News 22 Mar 2018
There is a need to build a sustainable agricultural statistics system, says the Fiji Minister for Industry, Trade, Tourism, Land and Mineral Resources, Faiyaz Koya.
With close to three quarters of the population of Pacific countries living in rural areas who depend on agriculture and fisheries for survival, Mr Koya said such a system was needed.
“This system will not only help in targeted policy making but also monitor the progress towards the Sustainable Development Goals [SDG] in the region,” the minister said yesterday while opening the 27th Session of Asia-Pacific Commission on Agriculture Statistics (APCAS) at the Sheraton Fiji Resort in Denarau, Nadi.
There are more than 100 participants from 30 countries attending the forum, which includes delegates from Asia Pacific on Agriculture Statistics (APCAS) member countries, observers from non-member countries, international organisations and technical experts from FAO Regional Office and headquarters.
The forum aims to identify the needs and priorities of member countries to develop sound statistical systems capable of providing data for planning and policy-making in the food and agriculture sector.
Mr Koya said the aim was to raise people’s living standards and nutritional status, especially rural dwellers.
“This underlying principle has made Fiji very proud of our membership and of what we have been able to achieve alongside our APCAS partners,” he said.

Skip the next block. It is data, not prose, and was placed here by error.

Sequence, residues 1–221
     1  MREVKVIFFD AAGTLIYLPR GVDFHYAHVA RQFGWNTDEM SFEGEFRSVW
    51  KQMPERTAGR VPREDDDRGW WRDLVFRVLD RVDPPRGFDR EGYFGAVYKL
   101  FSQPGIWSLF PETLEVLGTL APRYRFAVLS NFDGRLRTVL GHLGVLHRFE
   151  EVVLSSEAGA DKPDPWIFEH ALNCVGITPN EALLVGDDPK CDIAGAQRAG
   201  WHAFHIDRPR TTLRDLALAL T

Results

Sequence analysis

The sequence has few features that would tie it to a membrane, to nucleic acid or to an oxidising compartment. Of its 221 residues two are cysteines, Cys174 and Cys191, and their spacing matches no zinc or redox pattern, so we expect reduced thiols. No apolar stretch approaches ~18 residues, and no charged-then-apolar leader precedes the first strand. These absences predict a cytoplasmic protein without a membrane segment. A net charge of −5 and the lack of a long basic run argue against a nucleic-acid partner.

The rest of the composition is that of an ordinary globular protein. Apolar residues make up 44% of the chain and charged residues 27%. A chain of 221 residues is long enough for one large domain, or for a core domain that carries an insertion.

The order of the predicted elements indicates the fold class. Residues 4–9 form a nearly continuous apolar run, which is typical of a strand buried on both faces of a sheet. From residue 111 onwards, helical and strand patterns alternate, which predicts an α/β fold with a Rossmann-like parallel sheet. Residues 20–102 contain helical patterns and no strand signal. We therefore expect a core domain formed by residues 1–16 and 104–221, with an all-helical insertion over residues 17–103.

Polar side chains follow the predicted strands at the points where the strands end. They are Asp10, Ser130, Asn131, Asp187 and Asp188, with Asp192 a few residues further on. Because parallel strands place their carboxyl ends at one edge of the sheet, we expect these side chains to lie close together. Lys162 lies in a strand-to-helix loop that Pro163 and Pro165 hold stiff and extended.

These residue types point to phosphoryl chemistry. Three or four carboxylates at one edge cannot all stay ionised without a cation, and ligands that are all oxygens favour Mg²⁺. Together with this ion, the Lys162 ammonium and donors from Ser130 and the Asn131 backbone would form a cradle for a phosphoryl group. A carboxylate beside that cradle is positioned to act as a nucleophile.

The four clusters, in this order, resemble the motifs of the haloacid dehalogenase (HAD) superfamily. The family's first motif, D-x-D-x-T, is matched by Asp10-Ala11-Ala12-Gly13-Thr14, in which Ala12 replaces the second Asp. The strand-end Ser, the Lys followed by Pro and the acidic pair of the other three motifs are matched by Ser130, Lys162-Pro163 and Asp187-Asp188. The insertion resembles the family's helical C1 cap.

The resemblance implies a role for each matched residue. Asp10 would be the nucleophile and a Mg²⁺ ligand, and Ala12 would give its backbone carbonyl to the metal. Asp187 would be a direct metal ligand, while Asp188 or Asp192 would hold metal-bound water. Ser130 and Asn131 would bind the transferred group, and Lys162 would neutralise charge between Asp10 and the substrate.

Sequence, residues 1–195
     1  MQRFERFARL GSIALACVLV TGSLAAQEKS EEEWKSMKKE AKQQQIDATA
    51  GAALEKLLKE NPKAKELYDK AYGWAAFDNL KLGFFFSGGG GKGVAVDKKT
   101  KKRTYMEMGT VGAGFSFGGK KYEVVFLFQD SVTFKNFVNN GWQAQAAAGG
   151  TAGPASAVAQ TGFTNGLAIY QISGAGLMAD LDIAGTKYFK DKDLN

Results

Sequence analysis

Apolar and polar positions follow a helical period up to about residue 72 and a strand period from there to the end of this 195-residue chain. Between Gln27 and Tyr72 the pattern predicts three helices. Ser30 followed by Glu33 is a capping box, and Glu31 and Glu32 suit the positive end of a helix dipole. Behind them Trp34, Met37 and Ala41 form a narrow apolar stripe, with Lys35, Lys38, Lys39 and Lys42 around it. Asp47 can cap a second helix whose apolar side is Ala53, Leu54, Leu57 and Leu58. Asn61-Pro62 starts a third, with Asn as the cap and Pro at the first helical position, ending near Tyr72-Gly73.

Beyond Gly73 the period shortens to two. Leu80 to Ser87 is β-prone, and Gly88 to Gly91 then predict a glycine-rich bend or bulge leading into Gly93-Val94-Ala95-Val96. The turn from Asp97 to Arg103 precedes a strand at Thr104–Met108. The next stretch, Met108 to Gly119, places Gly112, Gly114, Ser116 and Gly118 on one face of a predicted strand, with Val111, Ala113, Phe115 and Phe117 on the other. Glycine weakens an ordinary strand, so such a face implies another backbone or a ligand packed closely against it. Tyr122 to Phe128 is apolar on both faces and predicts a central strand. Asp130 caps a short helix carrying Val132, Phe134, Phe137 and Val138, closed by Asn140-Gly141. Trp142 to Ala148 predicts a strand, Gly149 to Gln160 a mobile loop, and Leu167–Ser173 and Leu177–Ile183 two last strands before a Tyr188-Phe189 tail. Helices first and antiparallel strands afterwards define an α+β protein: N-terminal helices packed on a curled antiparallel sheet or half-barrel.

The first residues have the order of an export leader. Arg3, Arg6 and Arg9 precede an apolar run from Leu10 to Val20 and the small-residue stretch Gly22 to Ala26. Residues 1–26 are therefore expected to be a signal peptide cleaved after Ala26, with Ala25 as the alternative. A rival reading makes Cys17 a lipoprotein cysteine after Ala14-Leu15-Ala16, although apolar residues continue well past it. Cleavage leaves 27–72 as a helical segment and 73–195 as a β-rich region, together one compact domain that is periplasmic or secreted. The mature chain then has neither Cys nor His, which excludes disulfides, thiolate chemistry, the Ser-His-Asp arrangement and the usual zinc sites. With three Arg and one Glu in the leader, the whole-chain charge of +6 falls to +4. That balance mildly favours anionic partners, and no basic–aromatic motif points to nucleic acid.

“Over the last decade, Fiji has embarked on a progressive path that has seen our standing in the world and our integration with the region, grow exponentially.”
Mr Koya said the occasion was historical as this was the first time that all Pacific countries were represented in the history of APCAS.
With Papua New Guinea and Tonga being new members, Mr Koya hopes other Pacific countries will join APCAS and help gather greater attention to their problems and seek harmonised solutions.
“In the Asia-Pacific region, gaps exist in agriculture data at national and regional levels,” the minister said.
“However, the data situation for agriculture has eroded in recent decades to the point where, many countries lack the capacity to produce and report even the minimum set of data to monitor national trends or guide the international development debate.
“The changing face of agriculture in the twenty-first century has increased requirements for agricultural statistics beyond traditional data about production, which is used to monitor the status of food availability and food security.
“In addition, one must not forget that new data requirements are emerging and we therefore need to understand how population growth, demand for natural resources, use of food products to produce biofuels, and the effects of extreme weather and climate change, affect food security, poverty and well-being.”
Mr Koya said efforts to improve the awareness on SDG indicators and development of a harmonised approach to the collection and use of agricultural and rural statistics in the Asia and Pacific region would be achieved through provision of information on the programme for the World Census of Agriculture 2020.
Tied to the principle of ‘leaving no one behind’, driven by means of partnerships, accountability and underpinned by communication, FAO’s broad priorities in the 2030 Agenda are to:
Source: Fiji Sun